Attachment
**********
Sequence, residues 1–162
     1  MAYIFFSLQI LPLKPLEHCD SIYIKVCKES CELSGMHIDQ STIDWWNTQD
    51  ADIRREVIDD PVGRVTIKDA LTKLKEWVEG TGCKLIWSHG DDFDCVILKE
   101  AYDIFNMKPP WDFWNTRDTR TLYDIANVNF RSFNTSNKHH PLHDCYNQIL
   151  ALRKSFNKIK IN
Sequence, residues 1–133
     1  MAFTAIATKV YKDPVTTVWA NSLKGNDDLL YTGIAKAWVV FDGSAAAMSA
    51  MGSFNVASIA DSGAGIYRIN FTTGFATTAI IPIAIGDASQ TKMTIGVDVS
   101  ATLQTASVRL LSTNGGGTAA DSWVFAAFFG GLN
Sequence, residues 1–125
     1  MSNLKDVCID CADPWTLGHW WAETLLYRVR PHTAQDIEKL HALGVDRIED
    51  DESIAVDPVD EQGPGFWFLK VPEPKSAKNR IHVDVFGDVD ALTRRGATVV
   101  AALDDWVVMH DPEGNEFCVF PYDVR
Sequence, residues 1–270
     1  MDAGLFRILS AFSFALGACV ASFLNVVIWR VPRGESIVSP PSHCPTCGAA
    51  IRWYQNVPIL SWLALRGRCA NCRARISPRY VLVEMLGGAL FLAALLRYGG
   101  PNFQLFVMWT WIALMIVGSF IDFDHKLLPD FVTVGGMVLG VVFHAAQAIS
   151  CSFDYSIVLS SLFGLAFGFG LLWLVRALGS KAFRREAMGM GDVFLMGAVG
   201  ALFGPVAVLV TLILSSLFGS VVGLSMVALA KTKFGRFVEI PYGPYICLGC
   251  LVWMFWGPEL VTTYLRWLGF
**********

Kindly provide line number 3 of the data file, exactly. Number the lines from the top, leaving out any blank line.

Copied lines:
    51  ADIRREVIDD PVGRVTIKDA LTKLKEWVEG TGCKLIWSHG DDFDCVILKE